USC NOTEBOOK Frustrating times for prep buddies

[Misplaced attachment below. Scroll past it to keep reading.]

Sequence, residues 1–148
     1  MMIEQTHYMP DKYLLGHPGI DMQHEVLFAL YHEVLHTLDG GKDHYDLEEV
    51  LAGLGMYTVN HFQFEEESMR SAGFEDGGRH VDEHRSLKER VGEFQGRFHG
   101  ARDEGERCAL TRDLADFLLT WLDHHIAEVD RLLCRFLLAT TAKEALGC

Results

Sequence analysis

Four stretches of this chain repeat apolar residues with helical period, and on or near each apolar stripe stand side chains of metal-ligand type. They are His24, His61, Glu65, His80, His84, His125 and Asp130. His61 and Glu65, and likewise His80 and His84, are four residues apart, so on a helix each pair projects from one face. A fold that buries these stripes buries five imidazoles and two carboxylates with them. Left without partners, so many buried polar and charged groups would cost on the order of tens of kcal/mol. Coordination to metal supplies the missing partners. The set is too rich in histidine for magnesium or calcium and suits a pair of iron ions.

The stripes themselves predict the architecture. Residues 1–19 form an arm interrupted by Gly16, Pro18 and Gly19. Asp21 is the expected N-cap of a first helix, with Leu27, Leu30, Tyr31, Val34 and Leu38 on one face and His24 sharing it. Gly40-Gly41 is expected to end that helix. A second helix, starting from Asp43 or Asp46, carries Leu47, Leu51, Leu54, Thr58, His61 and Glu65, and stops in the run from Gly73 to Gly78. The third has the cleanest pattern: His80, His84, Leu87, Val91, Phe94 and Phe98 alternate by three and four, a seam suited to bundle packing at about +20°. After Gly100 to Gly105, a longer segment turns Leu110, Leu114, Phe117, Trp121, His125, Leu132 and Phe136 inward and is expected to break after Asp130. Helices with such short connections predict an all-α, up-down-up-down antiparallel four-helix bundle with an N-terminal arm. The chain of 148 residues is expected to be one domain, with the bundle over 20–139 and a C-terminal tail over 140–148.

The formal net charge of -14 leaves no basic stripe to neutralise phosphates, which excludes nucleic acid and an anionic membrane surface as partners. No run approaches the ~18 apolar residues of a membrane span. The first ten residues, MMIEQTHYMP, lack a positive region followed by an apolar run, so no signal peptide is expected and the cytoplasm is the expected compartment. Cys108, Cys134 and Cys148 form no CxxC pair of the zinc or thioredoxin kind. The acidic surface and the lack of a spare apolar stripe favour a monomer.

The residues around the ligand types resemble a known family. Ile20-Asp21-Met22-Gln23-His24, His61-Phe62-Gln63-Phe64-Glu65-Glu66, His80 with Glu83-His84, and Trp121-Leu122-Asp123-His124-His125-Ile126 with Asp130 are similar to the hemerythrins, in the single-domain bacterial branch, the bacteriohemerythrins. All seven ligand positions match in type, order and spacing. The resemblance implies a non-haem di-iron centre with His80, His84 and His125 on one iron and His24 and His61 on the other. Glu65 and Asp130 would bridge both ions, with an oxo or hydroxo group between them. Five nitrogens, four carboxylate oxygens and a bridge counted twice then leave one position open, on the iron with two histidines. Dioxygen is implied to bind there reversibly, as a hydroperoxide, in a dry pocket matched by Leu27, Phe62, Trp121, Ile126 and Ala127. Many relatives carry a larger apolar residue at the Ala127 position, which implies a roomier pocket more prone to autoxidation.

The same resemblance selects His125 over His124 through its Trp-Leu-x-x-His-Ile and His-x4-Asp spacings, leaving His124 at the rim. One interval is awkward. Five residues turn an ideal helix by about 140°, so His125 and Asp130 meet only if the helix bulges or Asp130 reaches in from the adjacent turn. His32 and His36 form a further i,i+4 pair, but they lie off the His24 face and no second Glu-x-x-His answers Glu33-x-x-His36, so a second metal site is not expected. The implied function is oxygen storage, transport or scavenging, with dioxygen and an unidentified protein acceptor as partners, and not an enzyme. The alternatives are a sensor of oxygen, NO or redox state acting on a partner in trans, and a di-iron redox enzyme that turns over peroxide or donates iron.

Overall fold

first_img“We were on the sideline watching that one,” Tyler said. Quarterback update John David Booty enjoyed another better-than-expected day passing the ball in practice and will rest today and Friday to see how his broken finger responds. Mark Sanchez remains the likely starter unless Booty feels much better by Saturday. “What could change is John just feels great,” USC coach Pete Carroll said. “There’s no question he can play. We’re staying the course we’ve been on. Mark’s had a great week.” Sanchez fumbled a snap during practice, but also took more snaps than usual because Booty is hurt. “I’m trying to get as close as I can to the receivers so that we’re ready to rip,” Sanchez said. Sanchez said he did not know if he would start. Booty said his only problem Wednesday was on long passes. “I really feel good with the intermediate throws,” he said. “Some of the longer throws can be painful, which is a given. I feel if I had to, I could go.” Booty said doctors could increase his pain medication if he plays Saturday to reduce discomfort from his broken finger. Other painful problems Tailback Stafon Johnson did not practice as much the past two days as expected and said he remains day-to-day with a sprained foot. “He’s going to have to show us he can play,” Carroll said. Defensive tackle Fili Moala is bothered by a bone bruise in his foot but will play. Chilo Rachal (sprained knee) is bothered by a sore calf but said he will play. However, Alatini Malu (Torrance High) will start at offensive guard in place of Rachal. Linebacker Brian Cushing (sprained ankle) will play and might start. Linebacker Rey Maualuga (hip pointer) said he felt much better and did not rule out playing despite the fact he did not practice. “Now I’m seeing myself playing,” Maualuga said. “I can’t run full speed yet. There’s some pain there. I’m not counting myself out of the game.” But Carroll said Maualuga appeared unlikely to play. Offensive tackle Sam Baker (hamstring) said he would try to practice today in order to be able to play in the game. “A shoulder I could play through it, but a hamstring you have to respect,” Baker said. “That’s the hard thing.” Green practices Freshman tailback Broderick Green, who missed the first six games with a stress fracture in his foot, practiced Tuesday. He is not expected to play this week. scott.wolf@dailynews.com160Want local news?Sign up for the Localist and stay informed Something went wrong. Please try again.subscribeCongratulations! You’re all set! AD Quality Auto 360p 720p 1080p Top articles1/5READ MOREGame Center: Chargers at Kansas City Chiefs, Sunday, 10 a.m.Tyler and Clausen never lost a game in three years of varsity football at Oaks Christian High in Westlake Village, but they might just be spectators Saturday. Tyler is redshirting, but will travel with the Trojans to South Bend. But he is disappointed Clausen is unlikely to play after Irish coach Charlie Weis named Evan Sharpley the starter. “It’s not special because we’re not playing,” Tyler said. “I think it’s different for me because I had to redshirt. He’s not used to losing and being sacked. That’s frustrating for him. He never lost at Oaks Christian.” Two years ago, Tyler and Clausen flew to Notre Dame and attended the USC game, taking a late-night flight after playing for Oaks Christian. By Scott Wolf STAFF WRITER One reason Notre Dame quarterback Jimmy Clausen lost his starting job for this week’s game against USC is because of a sore hip, according to his close friend, Trojans tailback Marc Tyler. “I wish he were starting,” Tyler said. “He said his hip bothered him.” last_img read more